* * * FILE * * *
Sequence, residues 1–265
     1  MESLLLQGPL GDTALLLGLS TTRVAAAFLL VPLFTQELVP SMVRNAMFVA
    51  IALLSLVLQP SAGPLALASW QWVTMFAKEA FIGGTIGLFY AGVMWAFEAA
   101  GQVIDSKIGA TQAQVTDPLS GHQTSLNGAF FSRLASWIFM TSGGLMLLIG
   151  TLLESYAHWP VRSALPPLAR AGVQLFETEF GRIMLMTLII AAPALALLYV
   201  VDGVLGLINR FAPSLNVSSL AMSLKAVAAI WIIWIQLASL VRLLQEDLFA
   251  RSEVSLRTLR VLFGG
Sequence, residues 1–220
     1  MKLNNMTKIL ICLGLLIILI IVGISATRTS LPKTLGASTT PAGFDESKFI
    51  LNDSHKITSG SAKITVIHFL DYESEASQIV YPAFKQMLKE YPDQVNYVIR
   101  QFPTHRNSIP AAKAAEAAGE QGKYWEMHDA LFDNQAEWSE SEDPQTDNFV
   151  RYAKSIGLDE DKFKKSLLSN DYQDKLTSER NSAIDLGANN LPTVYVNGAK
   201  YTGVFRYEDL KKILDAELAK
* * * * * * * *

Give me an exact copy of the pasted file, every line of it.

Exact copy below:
Sequence, residues 1–265
     1  MESLLLQGPL GDTALLLGLS TTRVAAAFLL VPLFTQELVP SMVRNAMFVA
    51  IALLSLVLQP SAGPLALASW QWVTMFAKEA FIGGTIGLFY AGVMWAFEAA
   101  GQVIDSKIGA TQAQVTDPLS GHQTSLNGAF FSRLASWIFM TSGGLMLLIG
   151  TLLESYAHWP VRSALPPLAR AGVQLFETEF GRIMLMTLII AAPALALLYV
   201  VDGVLGLINR FAPSLNVSSL AMSLKAVAAI WIIWIQLASL VRLLQEDLFA
   251  RSEVSLRTLR VLFGG
Sequence, residues 1–220
     1  MKLNNMTKIL ICLGLLIILI IVGISATRTS LPKTLGASTT PAGFDESKFI
    51  LNDSHKITSG SAKITVIHFL DYESEASQIV YPAFKQMLKE YPDQVNYVIR
   101  QFPTHRNSIP AAKAAEAAGE QGKYWEMHDA LFDNQAEWSE SEDPQTDNFV
   151  RYAKSIGLDE DKFKKSLLSN DYQDKLTSER NSAIDLGANN LPTVYVNGAK
   201  YTGVFRYEDL KKILDAELAK